Norman Rockwell helped preserve American myths, but, more than that, he recreated them and made them palatable for new generations. His function was to reassure people, to remind them of old values in times of rapid change. In times of civil rights movement, the space program, the Vietnam War and the Middle East conflicts, Rockwell confronted topics far beyond the cozy parameters he’d previously pictured. And he rose to the challenge, proving his talent over and over. His reputation continued growing after his death. As the mid-20th-century distinctions between fine and applied art became less important in the multi-faceted post-modern art scene, and Rockwell’s paintings reached previously unimaginable heights, leading museums, collectors, and experts felt the need to reconsider his place in both history and their collections. Today, Norman Rockwell is known as an artist who was nearly as prolific as he was talented, and whose oeuvre depicts all the good sides of the American life.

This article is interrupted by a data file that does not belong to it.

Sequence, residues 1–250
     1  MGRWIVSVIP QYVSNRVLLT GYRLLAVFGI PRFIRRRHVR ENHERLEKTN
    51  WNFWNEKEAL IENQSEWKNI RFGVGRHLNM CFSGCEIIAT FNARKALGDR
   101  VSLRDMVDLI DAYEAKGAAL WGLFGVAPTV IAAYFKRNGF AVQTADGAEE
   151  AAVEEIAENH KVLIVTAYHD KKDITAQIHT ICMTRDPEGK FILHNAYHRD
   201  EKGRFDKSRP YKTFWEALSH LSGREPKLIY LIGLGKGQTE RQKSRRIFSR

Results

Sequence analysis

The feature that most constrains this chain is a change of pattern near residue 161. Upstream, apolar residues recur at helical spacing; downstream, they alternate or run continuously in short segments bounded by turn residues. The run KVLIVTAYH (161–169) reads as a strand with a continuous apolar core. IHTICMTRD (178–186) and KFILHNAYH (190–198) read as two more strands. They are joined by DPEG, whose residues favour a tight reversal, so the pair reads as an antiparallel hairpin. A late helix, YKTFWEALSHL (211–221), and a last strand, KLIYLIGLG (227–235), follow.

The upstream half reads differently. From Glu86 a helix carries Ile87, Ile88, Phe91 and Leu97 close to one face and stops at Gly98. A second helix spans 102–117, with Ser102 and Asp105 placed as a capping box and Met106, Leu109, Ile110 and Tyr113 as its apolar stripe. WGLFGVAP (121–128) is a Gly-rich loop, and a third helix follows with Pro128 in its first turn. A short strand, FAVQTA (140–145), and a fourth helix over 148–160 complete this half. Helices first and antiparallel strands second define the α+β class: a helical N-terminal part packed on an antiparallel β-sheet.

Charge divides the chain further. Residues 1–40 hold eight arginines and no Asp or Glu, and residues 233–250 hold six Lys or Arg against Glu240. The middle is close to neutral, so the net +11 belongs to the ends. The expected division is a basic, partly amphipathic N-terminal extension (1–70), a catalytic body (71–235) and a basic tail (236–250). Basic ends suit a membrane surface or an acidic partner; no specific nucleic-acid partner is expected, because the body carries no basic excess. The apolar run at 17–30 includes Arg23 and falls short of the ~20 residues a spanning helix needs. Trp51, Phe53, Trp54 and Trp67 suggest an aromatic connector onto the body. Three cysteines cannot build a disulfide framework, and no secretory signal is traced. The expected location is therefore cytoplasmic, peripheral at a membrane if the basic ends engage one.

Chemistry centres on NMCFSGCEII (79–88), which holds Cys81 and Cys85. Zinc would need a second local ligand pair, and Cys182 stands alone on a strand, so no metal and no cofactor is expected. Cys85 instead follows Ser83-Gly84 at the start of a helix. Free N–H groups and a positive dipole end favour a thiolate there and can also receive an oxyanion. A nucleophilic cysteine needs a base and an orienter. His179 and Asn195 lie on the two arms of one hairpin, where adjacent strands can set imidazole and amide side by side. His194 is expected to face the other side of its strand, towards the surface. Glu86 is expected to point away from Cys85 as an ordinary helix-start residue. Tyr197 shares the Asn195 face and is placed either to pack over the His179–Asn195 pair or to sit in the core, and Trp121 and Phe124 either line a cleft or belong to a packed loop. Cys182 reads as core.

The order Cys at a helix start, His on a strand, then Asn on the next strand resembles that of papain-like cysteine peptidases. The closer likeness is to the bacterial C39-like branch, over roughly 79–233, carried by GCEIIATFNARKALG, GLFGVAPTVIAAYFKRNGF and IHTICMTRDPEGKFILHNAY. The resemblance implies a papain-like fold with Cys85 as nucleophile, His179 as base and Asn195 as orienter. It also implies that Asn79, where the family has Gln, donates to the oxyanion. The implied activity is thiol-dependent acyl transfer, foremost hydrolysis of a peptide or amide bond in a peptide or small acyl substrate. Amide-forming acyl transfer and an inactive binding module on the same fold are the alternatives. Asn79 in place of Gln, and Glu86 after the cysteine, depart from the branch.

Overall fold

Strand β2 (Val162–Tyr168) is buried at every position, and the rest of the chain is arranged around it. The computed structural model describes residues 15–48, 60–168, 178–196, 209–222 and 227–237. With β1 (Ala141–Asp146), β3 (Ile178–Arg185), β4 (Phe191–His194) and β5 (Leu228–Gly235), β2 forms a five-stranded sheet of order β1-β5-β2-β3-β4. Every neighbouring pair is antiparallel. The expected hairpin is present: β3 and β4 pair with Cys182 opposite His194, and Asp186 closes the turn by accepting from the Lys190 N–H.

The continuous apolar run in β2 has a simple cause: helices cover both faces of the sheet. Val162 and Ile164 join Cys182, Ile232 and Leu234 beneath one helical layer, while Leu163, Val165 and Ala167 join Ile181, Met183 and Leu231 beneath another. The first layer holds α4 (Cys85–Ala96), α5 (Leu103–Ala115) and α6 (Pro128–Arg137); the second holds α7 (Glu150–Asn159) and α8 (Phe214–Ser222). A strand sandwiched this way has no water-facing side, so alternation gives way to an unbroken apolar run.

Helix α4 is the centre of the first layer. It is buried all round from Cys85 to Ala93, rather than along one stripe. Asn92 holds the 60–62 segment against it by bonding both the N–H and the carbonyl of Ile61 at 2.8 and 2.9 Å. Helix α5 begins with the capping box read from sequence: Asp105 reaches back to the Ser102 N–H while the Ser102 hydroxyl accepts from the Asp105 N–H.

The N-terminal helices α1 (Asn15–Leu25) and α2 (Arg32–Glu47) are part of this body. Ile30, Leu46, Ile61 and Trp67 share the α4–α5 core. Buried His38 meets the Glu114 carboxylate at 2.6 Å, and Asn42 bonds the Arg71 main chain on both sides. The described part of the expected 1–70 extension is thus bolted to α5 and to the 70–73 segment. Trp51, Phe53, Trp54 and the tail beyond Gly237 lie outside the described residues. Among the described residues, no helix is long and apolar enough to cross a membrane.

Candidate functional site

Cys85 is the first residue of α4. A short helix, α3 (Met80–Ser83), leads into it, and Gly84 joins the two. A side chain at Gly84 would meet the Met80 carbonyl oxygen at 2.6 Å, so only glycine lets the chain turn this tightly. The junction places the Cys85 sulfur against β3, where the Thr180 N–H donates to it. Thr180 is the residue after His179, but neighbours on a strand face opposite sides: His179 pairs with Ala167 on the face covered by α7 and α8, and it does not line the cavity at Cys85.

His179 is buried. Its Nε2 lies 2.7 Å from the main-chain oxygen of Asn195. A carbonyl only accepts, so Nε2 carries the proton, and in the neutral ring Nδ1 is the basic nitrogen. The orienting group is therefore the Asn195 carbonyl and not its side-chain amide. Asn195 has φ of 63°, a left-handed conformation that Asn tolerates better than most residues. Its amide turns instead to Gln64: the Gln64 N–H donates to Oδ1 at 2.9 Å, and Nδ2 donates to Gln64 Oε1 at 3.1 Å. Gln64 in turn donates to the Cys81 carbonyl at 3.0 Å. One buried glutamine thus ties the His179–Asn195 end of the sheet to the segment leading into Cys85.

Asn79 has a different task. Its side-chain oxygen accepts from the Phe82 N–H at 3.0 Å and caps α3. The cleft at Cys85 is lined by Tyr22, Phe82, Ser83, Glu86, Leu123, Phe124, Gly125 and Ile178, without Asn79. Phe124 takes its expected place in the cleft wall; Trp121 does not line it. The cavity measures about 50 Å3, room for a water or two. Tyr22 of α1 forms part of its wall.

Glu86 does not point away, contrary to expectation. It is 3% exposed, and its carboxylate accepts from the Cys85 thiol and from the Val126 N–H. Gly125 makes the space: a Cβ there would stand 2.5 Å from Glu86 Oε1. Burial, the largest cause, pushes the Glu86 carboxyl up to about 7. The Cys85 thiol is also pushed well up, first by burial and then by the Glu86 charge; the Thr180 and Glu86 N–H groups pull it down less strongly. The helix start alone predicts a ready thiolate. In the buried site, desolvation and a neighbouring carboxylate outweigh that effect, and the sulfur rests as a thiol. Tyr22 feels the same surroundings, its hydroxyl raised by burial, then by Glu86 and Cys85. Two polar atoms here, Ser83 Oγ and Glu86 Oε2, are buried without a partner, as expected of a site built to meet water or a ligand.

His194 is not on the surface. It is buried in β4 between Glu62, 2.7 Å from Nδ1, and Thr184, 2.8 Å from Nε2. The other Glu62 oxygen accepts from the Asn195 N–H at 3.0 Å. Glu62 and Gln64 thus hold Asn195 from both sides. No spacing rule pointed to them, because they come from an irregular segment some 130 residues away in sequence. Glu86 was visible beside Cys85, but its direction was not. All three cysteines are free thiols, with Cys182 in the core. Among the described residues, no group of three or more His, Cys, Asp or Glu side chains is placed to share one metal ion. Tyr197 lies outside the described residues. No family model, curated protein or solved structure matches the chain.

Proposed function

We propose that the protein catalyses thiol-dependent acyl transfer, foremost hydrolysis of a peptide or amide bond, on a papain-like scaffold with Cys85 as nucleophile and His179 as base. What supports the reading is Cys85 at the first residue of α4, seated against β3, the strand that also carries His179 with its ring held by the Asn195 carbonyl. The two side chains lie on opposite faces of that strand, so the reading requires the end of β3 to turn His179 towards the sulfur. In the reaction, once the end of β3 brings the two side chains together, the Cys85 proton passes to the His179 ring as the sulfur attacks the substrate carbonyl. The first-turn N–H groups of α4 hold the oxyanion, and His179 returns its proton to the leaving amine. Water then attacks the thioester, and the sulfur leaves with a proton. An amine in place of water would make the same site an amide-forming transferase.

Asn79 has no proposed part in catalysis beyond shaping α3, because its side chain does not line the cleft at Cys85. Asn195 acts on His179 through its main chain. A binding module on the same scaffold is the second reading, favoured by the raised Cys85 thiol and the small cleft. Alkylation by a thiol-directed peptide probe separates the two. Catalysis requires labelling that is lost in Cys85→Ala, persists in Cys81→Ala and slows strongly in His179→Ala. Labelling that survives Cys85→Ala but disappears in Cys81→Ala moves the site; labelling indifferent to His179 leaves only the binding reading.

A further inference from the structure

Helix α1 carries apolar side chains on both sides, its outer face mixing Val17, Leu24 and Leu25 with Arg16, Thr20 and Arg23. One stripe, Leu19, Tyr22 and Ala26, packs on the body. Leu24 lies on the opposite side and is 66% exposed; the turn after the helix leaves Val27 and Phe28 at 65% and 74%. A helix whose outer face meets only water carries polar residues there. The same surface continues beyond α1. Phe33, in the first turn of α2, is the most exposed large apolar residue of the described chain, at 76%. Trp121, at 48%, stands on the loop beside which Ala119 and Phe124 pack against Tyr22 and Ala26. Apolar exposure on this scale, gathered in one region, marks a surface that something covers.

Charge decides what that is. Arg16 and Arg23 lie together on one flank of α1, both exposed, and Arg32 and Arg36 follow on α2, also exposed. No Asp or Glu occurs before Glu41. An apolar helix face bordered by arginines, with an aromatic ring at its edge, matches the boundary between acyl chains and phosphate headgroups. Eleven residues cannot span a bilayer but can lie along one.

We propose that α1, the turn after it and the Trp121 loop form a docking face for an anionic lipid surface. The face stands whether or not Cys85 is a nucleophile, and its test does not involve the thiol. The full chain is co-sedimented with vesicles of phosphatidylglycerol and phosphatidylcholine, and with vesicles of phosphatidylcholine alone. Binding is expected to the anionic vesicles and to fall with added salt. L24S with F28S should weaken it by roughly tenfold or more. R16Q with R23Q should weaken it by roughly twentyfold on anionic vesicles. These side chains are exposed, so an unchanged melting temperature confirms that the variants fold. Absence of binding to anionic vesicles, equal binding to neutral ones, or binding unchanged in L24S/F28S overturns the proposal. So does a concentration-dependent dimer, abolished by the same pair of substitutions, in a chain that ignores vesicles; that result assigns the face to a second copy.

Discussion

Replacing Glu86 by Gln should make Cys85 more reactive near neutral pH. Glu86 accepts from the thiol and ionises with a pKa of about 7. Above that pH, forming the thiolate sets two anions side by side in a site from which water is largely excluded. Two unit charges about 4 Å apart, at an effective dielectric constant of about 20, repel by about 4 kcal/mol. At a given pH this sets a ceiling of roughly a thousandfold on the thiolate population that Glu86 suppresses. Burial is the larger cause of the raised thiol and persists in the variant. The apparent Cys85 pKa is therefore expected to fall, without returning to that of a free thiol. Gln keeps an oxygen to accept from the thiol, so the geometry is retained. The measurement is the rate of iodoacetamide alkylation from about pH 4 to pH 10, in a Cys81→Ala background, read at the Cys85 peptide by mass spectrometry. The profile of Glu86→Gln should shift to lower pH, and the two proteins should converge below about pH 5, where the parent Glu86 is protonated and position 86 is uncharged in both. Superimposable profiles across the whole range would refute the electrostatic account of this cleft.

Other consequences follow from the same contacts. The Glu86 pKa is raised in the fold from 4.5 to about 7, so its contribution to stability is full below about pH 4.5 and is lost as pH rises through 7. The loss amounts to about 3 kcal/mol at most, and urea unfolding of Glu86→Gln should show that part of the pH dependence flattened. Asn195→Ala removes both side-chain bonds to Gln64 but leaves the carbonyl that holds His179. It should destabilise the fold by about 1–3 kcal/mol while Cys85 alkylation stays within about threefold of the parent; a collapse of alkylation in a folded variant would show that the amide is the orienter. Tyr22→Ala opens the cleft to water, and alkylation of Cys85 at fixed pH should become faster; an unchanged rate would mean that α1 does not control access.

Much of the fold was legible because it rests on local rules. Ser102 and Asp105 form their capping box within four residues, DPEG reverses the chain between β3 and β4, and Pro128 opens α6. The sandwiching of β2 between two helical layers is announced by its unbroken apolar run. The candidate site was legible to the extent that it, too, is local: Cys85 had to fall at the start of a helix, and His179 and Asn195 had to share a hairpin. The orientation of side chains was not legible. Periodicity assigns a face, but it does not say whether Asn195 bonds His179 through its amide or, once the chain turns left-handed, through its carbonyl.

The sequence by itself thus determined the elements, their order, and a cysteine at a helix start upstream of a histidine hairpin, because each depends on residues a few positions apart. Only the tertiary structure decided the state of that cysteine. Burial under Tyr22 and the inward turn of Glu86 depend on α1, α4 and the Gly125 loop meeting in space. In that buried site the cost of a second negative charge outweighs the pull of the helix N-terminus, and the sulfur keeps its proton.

Featured image: Rockwell Norman – Art Critic (detail), 1955
All images copyright Norman Rockwell. All images via wikiart.com